H. Frederick Dylla Director's Matters

Taking charge of history
In the May 12 issue of AIP Matters, I described a special symposium held at the American Center for Physics that commemorated the career contributions of Spencer Weart. Spencer is retiring as Director of AIP's Center for History of Physics, having served in this capacity since 1974. I am very pleased to announce that we have completed an international search for Spencer's successor. Early next year, Gregory A. Good will assume directorship of the Center. Greg has the experience, credentials, and support of the history community to continue the fine work pioneered by Spencer. See last week's AIP press release for more details. Spencer has graciously agreed to remain at AIP for the next several months to ensure an effective transition.

Dr. Gregory A. Good, incoming director of the AIP Center for History of Physics Greg is currently Chair of the History Department at West Virginia University. His professional interests include the history of physics and of the earth sciences in the 19th and 20th centuries. Earth science is a multi-disciplinary field involving many areas of science (physics, chemistry, biology, oceanography, and astronomy). Greg's research, publications, and teaching have focused on the interactions of these disciplines, shifting research programs, and the commitments (social, institutional, and political) that affect progress in geosciences. Among his published works is, The Earth, the Heavens and the Carnegie Institution of Washington (1994). He has also served as editor of the two-volume Sciences of the Earth encyclopedia (1998).

Greg is no stranger to the AIP, our Member Societies, or the History Center. He has used the center extensively for his research and has helped AIP by serving on the AIP Archives Grants Committee in 2000, chairing our History Advisory Committee since 2004, and, most recently, serving as the Master of Ceremonies for the very successful symposium on May 9 that honored Spencer's accomplishments. AIP and the physics community are fortunate to attract such high-caliber historians of science as Spencer Weart and Greg Good to the helm of the History Center. I look forward to working with both gentlemen in their new capacities: Greg Good as the incoming Center Director and Spencer Weart as the retiring Director, who will remain involved in the continuing development of the Center's special web exhibitions.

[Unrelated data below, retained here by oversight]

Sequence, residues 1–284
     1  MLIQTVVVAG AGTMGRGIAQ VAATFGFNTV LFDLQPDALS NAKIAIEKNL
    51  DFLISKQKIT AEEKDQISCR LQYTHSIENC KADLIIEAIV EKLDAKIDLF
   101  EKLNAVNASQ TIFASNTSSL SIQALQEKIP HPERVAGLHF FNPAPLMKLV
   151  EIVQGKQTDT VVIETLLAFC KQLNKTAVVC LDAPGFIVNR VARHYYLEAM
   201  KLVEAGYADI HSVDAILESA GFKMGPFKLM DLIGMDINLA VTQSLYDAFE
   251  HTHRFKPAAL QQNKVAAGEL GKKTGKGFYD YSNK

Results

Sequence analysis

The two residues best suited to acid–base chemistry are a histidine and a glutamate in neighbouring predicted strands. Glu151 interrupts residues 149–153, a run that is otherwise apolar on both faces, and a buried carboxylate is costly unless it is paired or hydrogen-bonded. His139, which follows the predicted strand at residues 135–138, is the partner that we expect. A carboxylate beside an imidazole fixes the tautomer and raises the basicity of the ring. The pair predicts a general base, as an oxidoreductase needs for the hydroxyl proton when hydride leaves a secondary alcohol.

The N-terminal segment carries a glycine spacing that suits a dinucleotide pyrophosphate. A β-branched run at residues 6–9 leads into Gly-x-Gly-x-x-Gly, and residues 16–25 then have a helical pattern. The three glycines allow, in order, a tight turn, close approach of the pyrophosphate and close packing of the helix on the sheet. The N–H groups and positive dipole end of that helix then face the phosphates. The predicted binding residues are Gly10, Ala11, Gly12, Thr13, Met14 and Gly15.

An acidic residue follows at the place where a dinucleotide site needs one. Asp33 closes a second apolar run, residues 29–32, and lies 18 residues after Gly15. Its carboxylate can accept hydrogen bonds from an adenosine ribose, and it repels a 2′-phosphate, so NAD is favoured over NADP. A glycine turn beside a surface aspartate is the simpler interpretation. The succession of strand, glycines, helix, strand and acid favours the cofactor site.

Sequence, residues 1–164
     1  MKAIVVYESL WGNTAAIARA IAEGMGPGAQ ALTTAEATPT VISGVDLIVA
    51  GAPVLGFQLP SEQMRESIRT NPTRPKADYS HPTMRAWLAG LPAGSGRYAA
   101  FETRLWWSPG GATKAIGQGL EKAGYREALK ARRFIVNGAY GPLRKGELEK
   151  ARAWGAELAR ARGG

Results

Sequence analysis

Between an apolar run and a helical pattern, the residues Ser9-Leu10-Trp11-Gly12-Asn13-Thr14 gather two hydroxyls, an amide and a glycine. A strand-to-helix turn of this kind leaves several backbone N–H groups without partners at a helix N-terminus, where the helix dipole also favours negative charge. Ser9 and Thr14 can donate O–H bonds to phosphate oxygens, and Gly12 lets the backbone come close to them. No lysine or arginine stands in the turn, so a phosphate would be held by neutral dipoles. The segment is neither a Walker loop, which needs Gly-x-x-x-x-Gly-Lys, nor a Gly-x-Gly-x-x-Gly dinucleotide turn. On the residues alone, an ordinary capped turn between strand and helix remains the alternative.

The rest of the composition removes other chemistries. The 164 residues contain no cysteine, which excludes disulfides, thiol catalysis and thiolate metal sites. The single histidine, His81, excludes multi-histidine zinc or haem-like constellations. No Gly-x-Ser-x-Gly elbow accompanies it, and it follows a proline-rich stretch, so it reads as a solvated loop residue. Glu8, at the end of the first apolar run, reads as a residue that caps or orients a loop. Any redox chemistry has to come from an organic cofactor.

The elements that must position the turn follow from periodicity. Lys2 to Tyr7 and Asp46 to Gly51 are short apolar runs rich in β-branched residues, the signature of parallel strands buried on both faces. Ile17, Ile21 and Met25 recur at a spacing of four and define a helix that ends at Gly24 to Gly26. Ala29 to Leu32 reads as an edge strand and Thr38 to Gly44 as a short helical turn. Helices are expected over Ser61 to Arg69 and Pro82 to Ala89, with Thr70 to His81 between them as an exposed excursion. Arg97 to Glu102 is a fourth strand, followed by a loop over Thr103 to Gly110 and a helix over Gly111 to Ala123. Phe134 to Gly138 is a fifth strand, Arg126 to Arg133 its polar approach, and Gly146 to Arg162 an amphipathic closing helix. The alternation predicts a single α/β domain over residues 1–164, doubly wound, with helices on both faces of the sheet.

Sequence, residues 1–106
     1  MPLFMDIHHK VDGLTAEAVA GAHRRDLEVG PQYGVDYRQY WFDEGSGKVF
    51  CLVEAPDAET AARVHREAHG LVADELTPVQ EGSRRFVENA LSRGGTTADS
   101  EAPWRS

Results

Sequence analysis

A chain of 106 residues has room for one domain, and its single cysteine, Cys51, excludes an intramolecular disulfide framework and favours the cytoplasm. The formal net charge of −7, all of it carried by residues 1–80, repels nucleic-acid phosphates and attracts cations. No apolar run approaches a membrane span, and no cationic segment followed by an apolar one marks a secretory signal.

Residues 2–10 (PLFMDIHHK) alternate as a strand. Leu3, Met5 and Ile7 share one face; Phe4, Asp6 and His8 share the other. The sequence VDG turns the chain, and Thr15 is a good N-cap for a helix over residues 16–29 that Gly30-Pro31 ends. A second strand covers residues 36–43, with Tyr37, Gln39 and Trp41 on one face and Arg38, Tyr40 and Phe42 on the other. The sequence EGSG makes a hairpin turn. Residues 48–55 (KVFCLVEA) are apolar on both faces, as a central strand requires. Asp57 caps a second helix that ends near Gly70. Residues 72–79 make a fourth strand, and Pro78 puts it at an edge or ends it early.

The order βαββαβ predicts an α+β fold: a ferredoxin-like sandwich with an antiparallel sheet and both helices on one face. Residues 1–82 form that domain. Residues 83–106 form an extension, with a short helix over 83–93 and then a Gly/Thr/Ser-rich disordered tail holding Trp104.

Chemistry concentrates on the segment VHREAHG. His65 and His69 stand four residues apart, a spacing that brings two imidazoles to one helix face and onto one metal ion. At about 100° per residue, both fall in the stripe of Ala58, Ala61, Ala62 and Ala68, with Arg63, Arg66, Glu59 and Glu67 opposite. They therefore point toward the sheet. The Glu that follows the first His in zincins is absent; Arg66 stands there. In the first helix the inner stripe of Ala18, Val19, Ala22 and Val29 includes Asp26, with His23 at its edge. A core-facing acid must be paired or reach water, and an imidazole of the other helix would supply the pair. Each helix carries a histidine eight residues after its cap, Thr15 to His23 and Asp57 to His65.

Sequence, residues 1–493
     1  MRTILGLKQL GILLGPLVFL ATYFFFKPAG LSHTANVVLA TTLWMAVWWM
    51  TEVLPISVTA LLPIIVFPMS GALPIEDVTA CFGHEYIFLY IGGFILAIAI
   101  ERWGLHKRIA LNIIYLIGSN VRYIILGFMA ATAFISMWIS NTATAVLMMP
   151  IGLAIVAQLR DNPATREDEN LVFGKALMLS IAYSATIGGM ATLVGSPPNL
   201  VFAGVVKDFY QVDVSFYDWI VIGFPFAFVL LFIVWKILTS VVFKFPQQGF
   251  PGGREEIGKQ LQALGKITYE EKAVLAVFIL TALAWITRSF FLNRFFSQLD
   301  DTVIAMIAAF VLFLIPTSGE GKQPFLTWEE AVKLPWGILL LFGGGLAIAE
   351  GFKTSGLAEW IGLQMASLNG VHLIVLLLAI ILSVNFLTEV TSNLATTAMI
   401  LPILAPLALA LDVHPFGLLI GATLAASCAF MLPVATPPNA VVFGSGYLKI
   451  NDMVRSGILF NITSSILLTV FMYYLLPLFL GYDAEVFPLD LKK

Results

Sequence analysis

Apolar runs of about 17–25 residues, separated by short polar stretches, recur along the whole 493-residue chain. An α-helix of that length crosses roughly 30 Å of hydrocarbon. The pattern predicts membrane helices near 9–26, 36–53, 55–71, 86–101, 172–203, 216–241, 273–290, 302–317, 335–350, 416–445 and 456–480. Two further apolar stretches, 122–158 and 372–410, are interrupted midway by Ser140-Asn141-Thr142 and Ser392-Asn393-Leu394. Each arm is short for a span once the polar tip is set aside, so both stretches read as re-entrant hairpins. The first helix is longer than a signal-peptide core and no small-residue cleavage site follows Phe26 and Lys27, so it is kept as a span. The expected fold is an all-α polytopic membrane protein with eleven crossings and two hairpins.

Celebrating Scitopia’s first year Library-themed birthday bash for Scitopia
Several AIP staff members participated in the Annual Conference of the Special Libraries Association (SLA) in Seattle, WA, last week, June 15-18. This key conference, which attracts 5,000-6,000 librarians, is a magnet for major publishers, societies, and other vendors who cater to these essential customers. With this in mind, AIP sponsored the PAM (Physics-Astronomy-Mathematics Division) Hospitality Suite and a birthday reception for Scitopia, which was officially launched at last year's SLA meeting. Scitopia is a vertical search portal to the research most cited in scholarly work and patents; it helps researchers quickly find the quality content they need.